World Leaders Gather at Munich Security Conference to Discuss Russian Aggression, Global Challenges
On Friday, Ukrainian President Volodymyr Zelensky requested that other global powers provide Ukraine with security guarantees, saying “it’s not altruism, it’s about you being next.” Zelensky’s remarks came after a week of rising tensions, with cyberattacks on Ukraine's army and major banks and shelling of a kindergarten in Ukraine.
In response, a Russian-backed leader announced the evacuation of civilians from the Donbas region into Russia as Russian forces continue to mobilize around Ukraine. Conflict has been ongoing in the region since 2014.
Russian-backed leader announces evacuation of civilians from breakaway Ukrainian region, raising fears of imminent military action https://t.co/22jUzRApYy— The Washington Post (@washingtonpost) February 18, 2022
“A mass exodus into Russia, which could not be immediately confirmed, would be seen as a worrisome signal that major military activities are imminent,” according to The Washington Post.
The Kremlin also announced that Russian President Vladimir Putin will oversee exercises by Russia’s nuclear forces on Saturday, including the launch of ballistic and cruise missiles. Belarusian President Alexander Lukashenko will join Putin for the exercises.
In an appearance at the MSC, United Nations Secretary General Antonio Guterres said that the world is likely in a more dangerous place now than it was during the Cold War. Guterres said that during the Cold War, “there were mechanisms that enabled the protagonists to calculate risks and use backchannels to prevent crises…Today, many of those systems no longer exist and most of the people trained to use them are no longer here with us,” according to the Associated Press.
Missing from Munich, however, is an official representative of Russia. German Foreign Minister Annalena Baerbock said in remarks that Russia’s decision not to send a delegate was a “missed opportunity,” the Associated Press reported.
“Particularly in the current, extremely threatening situation it would have been important to also meet Russian representatives in Munich,” she said, adding that even small steps towards peace would be “better than a big step toward war.”
German Foreign Minister @ABaerbock addresses @MunSecConf with strong words on Ukraine, calling on Russia (who is absent from this year’s conference) to negotiate. “We are not helpless collectively, we draw strength from acting together (in) determination, solidarity &reliability” pic.twitter.com/voNVvy0tz5— Mina Al-Oraibi (@AlOraibi) February 18, 2022
Instead, Russian foreign minister, Sergei Lavrov, will reportedly meet with the U.S. secretary of state, Antony Blinken, next week. U.S. President Joe Biden also hosted calls with the leaders of Britain, Canada, the European Union, France, Germany, Italy, NATO, Poland, and Romania in an attempt to de-escalate the situation, according to The Guardian.
Biden has been firm in his commitment that if Russia invades Ukraine, the United States will not send in military troops. Instead, the United States continues to explore diplomatic and sanctions solutions to deter Russian aggression in Ukraine. In a speech at MSC, U.S. Vice President Kamala Harris warned of “severe consequences” if Russia invades Ukraine. She spoke after meeting with NATO Secretary General Jens Stoltenberg.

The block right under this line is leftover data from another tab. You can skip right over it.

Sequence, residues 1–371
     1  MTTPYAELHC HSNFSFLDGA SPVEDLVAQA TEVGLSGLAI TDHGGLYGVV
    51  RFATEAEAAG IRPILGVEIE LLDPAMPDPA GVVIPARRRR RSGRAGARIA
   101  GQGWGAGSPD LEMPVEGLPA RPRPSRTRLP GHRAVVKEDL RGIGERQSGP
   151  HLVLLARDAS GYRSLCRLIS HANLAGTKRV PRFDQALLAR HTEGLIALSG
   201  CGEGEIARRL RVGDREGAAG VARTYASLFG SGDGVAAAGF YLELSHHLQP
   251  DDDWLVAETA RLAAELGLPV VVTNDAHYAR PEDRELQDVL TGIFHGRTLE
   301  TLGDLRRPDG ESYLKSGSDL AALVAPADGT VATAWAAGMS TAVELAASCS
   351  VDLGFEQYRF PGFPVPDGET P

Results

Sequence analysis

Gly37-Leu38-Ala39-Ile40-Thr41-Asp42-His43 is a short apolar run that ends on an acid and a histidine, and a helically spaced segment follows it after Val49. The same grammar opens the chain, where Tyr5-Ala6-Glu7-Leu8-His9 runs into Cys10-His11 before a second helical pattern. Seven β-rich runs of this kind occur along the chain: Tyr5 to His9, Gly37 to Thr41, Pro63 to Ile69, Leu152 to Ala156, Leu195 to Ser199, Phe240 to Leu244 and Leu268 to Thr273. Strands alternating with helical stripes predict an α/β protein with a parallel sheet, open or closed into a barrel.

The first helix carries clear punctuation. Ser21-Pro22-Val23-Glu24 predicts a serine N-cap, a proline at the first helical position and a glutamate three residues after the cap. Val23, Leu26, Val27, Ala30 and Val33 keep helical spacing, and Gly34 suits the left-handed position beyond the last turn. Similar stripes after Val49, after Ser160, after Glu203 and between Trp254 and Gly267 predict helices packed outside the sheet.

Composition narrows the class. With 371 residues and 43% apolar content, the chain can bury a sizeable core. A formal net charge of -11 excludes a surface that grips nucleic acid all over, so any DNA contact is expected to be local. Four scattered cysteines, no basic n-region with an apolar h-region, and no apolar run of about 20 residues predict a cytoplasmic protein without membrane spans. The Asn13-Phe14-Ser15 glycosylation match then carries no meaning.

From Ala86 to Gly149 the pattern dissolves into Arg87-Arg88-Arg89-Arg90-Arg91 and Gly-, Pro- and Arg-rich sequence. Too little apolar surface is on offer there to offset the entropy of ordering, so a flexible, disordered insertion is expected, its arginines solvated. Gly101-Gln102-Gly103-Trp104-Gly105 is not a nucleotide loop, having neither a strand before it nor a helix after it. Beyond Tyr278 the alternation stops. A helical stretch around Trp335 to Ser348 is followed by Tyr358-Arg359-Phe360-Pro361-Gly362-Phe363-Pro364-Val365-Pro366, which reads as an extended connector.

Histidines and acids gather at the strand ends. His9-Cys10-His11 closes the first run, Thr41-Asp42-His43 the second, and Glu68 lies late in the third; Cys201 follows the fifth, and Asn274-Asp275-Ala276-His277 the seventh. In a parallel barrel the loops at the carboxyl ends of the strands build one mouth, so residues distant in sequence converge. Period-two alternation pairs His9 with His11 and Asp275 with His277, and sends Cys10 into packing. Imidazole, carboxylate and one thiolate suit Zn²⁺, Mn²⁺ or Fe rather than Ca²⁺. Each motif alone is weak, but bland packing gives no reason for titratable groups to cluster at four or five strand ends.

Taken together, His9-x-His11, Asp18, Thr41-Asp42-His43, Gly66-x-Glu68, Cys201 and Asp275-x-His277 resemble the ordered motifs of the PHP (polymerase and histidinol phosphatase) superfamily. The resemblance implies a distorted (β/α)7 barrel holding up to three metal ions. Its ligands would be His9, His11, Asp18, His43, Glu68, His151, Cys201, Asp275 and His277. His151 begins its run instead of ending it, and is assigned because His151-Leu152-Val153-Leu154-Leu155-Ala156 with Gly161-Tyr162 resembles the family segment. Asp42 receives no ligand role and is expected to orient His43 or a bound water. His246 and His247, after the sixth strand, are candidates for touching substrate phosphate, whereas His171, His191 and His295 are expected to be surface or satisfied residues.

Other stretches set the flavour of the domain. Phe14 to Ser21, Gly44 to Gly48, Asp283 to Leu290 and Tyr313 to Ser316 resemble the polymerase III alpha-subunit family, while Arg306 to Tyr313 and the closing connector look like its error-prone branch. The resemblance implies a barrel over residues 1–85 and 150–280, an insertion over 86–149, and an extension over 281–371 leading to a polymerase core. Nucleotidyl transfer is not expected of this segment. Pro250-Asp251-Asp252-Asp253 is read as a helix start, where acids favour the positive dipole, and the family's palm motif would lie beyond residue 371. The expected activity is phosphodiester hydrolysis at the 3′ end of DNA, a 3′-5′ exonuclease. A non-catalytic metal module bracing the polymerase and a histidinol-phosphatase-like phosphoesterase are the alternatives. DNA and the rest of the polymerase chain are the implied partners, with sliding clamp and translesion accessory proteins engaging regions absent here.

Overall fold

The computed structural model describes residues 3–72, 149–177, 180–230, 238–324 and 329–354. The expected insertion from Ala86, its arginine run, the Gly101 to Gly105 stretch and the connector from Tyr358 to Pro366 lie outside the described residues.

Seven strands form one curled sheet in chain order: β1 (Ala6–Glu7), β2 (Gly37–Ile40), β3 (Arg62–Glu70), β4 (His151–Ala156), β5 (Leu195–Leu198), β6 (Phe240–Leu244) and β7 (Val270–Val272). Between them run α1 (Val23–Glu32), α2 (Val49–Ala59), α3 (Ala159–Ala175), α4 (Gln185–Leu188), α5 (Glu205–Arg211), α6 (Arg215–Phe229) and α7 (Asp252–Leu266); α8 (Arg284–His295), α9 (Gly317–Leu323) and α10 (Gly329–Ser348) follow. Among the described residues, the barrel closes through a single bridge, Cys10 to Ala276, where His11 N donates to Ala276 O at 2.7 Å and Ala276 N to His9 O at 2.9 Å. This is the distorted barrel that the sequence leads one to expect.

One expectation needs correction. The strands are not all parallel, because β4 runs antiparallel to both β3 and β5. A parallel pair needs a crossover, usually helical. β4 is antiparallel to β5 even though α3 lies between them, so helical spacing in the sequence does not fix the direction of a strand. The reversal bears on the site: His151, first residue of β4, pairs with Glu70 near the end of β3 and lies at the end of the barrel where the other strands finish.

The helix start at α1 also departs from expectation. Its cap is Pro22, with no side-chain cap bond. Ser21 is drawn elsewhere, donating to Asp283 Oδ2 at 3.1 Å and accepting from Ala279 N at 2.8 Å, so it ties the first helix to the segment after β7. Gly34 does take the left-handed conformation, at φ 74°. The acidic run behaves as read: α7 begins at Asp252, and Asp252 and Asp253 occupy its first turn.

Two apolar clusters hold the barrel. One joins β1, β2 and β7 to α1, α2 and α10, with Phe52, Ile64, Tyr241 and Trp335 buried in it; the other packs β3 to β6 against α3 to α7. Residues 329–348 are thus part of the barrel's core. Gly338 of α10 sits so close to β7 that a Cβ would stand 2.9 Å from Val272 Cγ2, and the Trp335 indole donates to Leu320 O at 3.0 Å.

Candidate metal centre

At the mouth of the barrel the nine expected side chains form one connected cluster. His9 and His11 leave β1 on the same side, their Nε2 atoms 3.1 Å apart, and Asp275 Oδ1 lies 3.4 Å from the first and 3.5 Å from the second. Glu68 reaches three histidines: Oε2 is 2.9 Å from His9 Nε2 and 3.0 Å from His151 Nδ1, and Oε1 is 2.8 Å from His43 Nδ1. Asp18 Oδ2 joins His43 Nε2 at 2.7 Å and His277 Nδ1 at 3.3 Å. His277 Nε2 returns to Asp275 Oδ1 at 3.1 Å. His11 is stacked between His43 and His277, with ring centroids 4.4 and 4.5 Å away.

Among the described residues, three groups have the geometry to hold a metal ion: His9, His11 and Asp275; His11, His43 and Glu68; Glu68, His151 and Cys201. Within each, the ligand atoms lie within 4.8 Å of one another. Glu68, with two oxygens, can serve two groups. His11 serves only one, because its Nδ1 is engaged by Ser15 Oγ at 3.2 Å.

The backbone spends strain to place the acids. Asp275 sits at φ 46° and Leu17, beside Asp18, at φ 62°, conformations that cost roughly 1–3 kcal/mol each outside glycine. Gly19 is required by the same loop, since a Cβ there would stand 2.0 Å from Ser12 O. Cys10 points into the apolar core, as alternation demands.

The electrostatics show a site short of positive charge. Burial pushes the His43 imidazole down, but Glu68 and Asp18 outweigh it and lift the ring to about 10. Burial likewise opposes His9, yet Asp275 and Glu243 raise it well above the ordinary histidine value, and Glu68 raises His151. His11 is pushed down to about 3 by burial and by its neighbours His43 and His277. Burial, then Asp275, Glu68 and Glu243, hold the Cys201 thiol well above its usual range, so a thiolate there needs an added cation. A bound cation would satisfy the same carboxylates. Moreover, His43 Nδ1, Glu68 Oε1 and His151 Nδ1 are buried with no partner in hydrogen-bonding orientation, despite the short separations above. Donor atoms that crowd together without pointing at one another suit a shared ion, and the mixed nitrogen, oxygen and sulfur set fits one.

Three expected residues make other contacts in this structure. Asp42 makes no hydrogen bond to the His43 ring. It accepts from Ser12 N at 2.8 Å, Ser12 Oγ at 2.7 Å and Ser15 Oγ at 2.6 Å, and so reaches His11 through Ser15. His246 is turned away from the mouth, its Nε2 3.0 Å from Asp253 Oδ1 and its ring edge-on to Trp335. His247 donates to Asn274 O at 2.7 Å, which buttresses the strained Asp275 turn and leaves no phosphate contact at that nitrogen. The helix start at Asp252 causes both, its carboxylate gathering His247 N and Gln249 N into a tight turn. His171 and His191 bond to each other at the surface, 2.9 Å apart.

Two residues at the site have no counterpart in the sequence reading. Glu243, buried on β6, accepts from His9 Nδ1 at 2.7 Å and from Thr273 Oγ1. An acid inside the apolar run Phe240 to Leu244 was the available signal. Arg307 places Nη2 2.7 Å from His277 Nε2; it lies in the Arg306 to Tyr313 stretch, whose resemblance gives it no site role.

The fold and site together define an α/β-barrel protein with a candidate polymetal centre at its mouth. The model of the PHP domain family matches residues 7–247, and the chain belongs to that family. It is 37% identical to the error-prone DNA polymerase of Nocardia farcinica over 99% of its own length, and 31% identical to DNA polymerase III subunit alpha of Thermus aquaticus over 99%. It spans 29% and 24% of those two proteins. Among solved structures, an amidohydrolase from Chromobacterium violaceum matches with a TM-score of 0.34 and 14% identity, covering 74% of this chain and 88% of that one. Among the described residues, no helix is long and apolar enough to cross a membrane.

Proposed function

“We remain, of course, supportive of diplomacy as it relates to the dialogue and discussions we’ve had with Russia, but we are also committed to taking corrective actions to ensure there will be severe consequences in terms of the sanctions we have discussed, and we know the alliance is strong in that regard,” Harris said.
The dialogue in Munich resonates with the overarching theme of the Munich Security Index 2022, released earlier this week and focused on a “widespread sense of helplessness” in the 12 countries surveyed.
The report argues that “just like people can suffer from ‘learned helplessness’—a psychological term describing the feeling that nothing one does can effect positive change—societies, too, may come to believe that they are unable to get a grip on the challenges they are facing. This belief…may turn into a self-fulfilling prophecy, and prevent the world from addressing the most important crises before it is too late.”
The 2022 index examines the situation in Afghanistan, Mali and the Sahel, the Horn of Africa, technology and supply chains, global inequality, and Eastern Europe and the threat of outright war.
“In recent months, Moscow has made it abundantly clear that it is looking for a revision of the European security order,” according to the index. “As the Russian draft proposals for new security treaties demonstrate, Russia insists on a ‘sphere of influence’ in its neighborhood, effectively limiting the sovereignty of countries like Ukraine. Russia’s rhetorical escalation and military buildup have raised profound security concerns across Europe. While analysts disagree on what President Vladimir Putin’s specific goals are, the debate about the basic principles of European security—and how to defend them—will only intensify in the coming months, posing difficult political and military questions to European leaders who are forced to take a stand and reconsider their strategic posture.”
In his foreword in the 2022 index, Ambassador Wolfgang Ischinger, chairman of the MSC, wrote that helplessness and a “perceived lack of control” is “particularly palpable” in Europe.
“Despite its significant economic power, Europe often seems to have lost faith in its ability to share global events,” Ischinger wrote. “Nineteen years ago, three EU member states initiated negotiations that eventually led to the Iran nuclear deal. Today, European initiatives for addressing shared global threats are rare. As if dominated by a sense of impotence, Europe appears like a political dwarf in the global arena.”